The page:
Rural France wants better access to public transport
Politicians in France’s less central areas are angry about the growing lack of public transport outside metropolitan areas. Local train services are being discontinued in favor of the TGV and bus services canceled, deemed uneconomic.
Rural France feels disconnected from Metropolitan France, lacking access to services and technologies. This is one of the reasons for the ‘gilets jaunes’, the yellow jackets movement in France. People in rural areas are forced to take their car for everything, but using it is made more expensive. Moreover, the regional speed limit was lowered to 80 km/hour.
More than ever, improved accessibility of rural parts of France has to be a top priority. National and local politicians, as well as public transport companies, have to find solutions. Otherwise, quaint, decentralized areas in France city folk love to visit are threatened with extinction.
Everywhere in France, local politicians are complaining about the lack of public transport. Metropolitan areas have an abundance of trains and buses, but they stop about 50 kilometers outside the city. Beyond that, public transport is irregular and has missing links, if it even exists. So, people are very dependent on their cars.
But things might change. According to Julien Mezzano, director of the ‘Association Nationale Nouvelles Ruralités,’ prime minister Edouard Philippe could announce a series of propositions in September.
The propositions are part of the ‘rural agenda’ of the French government. Mezzano hopes the plan includes solving missing transport links and introducing ‘light’ rail transport, like tram-trains.
Five times faster by car
A study from the authority of transport service quality (Autorité de la Qualité de Service dans les Transports – AQST) confirms the problems. The organization, which depends on the ministry of durable development, studied the same type of transport in Germany and Spain. This revealed that those neighboring countries fare much better.
The time range of public transport in France’s rural areas is very limited, on average 4h43. In Spain, this is 12h40 and in Germany even 13h25. Also, the correspondence is not well organized, so patience is needed when relying on connecting trips. This makes public transport unable to rival with car travel in France.
While the situation is better for long trips because of the TGV, short trips take 5,3 times longer by public transport than by train. This is twice as much as in Germany or Spain. The result: only 2,6% of trips are done by public transport in France, against 10,1 in Spain and 12,7 in Germany.
The only upside in France is the price of public transport. The quality of service is inferior, but the price is also lower. On average, French spend 14,8 euros, against 39,50 in Germany and 24,30 in Spain.
According to AQST director Alain Sauvant, small and inexpensive changes could have a big impact, especially when it comes to correspondence. “The different transport companies or coordinating authorities could improve coordination between the different modes of transport to reduce transfer times. This collective approach could have a positive impact on the service.”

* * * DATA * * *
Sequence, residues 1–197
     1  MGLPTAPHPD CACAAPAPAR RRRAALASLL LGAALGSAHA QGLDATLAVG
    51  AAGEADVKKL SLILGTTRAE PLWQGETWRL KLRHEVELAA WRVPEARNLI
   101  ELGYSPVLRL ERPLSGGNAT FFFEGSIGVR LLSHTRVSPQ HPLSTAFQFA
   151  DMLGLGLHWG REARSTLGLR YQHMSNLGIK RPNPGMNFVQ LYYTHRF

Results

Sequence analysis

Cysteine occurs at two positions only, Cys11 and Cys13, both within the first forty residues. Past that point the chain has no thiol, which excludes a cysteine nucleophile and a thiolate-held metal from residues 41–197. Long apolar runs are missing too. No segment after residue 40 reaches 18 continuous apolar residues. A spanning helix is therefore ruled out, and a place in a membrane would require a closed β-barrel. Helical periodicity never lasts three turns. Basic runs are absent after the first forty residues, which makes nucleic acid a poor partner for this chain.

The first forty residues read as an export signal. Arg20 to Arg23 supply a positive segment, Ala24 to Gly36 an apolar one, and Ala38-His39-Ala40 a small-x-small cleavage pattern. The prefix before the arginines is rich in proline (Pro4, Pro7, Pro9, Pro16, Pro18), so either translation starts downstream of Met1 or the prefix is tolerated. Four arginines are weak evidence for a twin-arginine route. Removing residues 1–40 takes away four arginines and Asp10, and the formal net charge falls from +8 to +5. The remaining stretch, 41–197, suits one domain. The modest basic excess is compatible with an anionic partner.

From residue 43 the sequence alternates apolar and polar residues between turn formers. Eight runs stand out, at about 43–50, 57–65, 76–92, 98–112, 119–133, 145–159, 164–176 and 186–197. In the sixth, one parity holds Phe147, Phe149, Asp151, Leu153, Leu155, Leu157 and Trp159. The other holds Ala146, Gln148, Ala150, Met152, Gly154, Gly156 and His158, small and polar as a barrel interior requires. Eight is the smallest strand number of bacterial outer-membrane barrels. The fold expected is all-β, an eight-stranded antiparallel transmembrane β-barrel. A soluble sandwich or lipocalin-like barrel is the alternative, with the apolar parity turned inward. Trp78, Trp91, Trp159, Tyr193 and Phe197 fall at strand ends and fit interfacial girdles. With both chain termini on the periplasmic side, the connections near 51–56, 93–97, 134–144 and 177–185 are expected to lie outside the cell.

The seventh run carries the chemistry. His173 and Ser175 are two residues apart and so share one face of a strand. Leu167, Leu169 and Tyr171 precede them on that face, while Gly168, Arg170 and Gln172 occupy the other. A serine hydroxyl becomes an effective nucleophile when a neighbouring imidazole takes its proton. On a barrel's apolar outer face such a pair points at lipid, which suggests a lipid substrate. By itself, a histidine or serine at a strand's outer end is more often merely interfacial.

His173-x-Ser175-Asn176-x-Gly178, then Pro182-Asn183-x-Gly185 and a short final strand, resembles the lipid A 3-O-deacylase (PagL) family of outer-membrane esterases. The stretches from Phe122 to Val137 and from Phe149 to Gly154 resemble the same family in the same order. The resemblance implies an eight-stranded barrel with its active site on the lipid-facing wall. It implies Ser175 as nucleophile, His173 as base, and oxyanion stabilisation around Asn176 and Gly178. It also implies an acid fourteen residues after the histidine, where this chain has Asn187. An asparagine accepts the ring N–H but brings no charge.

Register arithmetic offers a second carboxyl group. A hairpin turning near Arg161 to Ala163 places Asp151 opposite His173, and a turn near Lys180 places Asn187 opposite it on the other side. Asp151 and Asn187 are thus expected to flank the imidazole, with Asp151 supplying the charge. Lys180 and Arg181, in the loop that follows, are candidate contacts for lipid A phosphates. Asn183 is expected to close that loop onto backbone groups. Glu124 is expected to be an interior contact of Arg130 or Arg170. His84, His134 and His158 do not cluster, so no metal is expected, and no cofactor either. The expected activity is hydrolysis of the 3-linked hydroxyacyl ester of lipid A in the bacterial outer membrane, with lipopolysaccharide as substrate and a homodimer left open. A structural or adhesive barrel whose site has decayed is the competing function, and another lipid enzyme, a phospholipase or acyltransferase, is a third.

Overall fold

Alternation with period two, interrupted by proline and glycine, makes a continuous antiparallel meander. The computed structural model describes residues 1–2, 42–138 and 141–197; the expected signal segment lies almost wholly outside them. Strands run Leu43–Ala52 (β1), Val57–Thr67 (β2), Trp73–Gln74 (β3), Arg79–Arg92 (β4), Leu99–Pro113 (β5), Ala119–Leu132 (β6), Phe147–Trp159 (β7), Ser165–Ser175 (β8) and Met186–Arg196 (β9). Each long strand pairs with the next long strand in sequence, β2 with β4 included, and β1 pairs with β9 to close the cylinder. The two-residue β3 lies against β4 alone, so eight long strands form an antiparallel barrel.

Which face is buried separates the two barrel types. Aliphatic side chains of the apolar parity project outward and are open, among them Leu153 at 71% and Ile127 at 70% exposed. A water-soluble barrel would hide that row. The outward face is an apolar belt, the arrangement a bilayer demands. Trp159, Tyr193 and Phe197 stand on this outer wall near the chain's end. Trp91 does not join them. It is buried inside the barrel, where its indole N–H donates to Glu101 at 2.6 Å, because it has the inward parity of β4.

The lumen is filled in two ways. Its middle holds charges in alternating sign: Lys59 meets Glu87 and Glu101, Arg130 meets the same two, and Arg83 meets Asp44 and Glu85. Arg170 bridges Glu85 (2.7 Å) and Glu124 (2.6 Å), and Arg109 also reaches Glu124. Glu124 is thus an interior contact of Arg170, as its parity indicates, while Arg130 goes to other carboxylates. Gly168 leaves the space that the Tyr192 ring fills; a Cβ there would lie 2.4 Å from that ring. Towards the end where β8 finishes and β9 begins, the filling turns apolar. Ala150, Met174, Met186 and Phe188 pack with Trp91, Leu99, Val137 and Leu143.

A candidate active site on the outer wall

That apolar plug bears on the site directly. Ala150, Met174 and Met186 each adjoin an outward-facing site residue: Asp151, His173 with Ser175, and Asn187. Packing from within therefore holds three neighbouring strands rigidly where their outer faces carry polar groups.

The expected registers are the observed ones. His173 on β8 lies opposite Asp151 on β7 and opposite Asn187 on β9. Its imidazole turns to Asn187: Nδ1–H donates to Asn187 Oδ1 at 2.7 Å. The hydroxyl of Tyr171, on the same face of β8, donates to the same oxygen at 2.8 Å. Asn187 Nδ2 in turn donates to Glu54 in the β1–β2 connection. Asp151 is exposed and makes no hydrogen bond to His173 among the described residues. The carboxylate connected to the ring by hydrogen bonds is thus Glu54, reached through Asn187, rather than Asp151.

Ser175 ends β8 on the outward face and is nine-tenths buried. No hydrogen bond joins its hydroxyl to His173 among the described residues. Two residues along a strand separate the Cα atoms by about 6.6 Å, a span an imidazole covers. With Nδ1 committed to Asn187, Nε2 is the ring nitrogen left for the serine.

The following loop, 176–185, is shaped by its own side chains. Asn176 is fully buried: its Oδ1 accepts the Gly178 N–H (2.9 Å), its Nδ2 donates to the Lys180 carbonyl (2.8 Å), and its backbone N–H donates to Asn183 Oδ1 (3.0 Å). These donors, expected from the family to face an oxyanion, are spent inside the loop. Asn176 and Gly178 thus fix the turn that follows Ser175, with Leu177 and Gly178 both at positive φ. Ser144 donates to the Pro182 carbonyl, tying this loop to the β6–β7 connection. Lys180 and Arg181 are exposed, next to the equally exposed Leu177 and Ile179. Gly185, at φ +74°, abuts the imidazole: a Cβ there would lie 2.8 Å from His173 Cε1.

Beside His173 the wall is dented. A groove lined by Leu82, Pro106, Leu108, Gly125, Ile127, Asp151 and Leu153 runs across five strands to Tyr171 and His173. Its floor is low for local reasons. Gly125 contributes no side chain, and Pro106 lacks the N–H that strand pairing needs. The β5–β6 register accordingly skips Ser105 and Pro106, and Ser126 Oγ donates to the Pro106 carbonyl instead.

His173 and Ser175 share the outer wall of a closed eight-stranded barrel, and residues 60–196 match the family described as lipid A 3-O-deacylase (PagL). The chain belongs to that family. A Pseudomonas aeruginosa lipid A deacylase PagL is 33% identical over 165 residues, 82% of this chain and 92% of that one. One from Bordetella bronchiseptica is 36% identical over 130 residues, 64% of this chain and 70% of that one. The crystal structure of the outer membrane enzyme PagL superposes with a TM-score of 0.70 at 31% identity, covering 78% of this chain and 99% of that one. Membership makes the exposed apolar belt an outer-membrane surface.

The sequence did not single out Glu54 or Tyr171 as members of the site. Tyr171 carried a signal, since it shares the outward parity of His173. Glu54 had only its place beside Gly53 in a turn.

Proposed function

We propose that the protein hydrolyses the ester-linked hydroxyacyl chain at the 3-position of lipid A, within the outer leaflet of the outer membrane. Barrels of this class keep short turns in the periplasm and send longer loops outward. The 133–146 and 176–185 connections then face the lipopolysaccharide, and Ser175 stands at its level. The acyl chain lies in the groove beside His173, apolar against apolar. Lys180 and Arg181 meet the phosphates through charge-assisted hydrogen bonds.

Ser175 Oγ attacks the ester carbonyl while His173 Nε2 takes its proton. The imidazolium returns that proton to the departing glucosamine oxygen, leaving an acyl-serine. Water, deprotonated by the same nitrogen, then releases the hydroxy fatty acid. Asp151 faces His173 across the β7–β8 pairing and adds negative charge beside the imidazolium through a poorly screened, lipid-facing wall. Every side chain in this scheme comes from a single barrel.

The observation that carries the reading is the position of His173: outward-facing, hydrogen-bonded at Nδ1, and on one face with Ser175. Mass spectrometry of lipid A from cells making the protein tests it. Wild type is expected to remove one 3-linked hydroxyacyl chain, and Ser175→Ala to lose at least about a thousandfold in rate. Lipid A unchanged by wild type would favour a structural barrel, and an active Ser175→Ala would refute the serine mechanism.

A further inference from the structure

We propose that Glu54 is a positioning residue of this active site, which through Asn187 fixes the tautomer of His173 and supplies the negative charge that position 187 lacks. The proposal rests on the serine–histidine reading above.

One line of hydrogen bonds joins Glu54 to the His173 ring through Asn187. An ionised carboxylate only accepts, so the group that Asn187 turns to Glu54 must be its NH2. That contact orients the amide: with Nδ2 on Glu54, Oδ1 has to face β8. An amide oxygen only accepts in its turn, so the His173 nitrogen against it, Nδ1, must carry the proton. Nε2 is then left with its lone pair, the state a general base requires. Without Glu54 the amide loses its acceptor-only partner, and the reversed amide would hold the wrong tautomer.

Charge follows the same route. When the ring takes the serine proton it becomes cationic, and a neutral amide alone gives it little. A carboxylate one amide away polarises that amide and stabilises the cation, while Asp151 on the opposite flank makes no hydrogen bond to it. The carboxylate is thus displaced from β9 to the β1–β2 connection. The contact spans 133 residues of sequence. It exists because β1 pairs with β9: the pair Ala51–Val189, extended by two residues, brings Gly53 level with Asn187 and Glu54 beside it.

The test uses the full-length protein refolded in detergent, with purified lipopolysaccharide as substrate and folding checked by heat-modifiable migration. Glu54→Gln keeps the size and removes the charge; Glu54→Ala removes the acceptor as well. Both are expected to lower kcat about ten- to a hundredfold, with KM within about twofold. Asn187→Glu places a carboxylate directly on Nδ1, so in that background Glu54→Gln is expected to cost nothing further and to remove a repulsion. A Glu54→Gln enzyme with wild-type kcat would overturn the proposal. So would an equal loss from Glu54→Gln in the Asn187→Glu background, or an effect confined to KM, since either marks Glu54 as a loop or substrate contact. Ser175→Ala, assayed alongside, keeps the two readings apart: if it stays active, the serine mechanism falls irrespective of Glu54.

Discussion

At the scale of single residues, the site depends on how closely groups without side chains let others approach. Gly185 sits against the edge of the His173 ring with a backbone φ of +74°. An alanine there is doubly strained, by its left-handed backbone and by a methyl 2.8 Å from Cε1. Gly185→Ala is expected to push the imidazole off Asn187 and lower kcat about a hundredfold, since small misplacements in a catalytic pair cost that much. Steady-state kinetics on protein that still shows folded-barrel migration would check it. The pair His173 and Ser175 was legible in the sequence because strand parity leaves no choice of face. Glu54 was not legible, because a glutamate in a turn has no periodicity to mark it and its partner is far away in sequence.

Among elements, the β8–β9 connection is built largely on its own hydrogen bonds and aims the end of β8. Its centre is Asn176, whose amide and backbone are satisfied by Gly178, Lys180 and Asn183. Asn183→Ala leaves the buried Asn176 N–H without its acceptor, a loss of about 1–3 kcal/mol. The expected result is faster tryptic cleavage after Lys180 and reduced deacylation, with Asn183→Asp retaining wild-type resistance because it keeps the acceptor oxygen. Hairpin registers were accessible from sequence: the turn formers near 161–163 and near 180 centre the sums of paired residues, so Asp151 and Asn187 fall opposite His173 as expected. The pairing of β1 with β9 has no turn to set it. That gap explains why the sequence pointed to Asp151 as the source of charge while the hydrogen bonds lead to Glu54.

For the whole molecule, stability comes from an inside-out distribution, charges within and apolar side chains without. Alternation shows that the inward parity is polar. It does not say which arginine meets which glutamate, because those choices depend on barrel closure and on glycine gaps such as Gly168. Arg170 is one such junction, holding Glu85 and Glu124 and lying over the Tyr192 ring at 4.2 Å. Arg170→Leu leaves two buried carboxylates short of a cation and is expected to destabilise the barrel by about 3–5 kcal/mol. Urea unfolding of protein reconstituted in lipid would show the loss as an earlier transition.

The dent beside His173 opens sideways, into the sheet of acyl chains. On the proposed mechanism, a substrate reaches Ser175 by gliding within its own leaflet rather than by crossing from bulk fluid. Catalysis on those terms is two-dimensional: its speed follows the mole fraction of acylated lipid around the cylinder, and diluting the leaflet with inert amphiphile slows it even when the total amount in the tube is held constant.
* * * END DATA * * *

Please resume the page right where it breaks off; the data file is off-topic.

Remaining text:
While the situation in Germany is much better, the population is much denser and, therefore, investments in public transport pay off. So you could question what the best to invest in public transport in rural France is.
Sauvant: “There should be a debate on how to spend means in the least populated areas. With reasonable investments, we could develop other services like an on-demand bus service. Carpooling should also be stimulated.”
The potential for carpooling is immense, with 70% of French citizens using their car on a daily base, but almost always alone. Services like Ecov have installed physical stops and offer an SMS and internet functionality to connect drivers and people looking for a ride. Klaxit, another carpooling platform, proposes employers to set up a voluntary carpooling network for employees.
But without financial stimulus, all of these services rely on people with conviction. A legislative proposal, which is up for the second time in the French parliament in September, proposes a tax-free fee of 400 euros for companies to incite employees to commute by bike or carpool. Regions also need to invest in carpool parking.
Alternative rail service
Taxirail is a system of miniature train cars with hybrid drive. It is flexible, light and compact. It could run on France’s small rail lines on an on-demand basis.
The country has a high number of small rail lines which are threatened to disappear when not used. Exid Concept & Développement, a Breton company, is working on the Taxirail. It expects a prototype to be ready in 2021 and commercialization in 2023.
Jean-Cyril Spinetta, former director of Air France, made a report for the French government last year. He stated that the small rail lines cost society 1,7 billion euros for only 2% of railway travelers. He proposed to replace train lines with buses to save costs.
French transport minister, Elizabeth Borne, has appointed François Philizot to report on the state of the thousands of kilometers of railway lines and come up with low-cost, high-impact solutions. Philizot will publish his report at the end of August.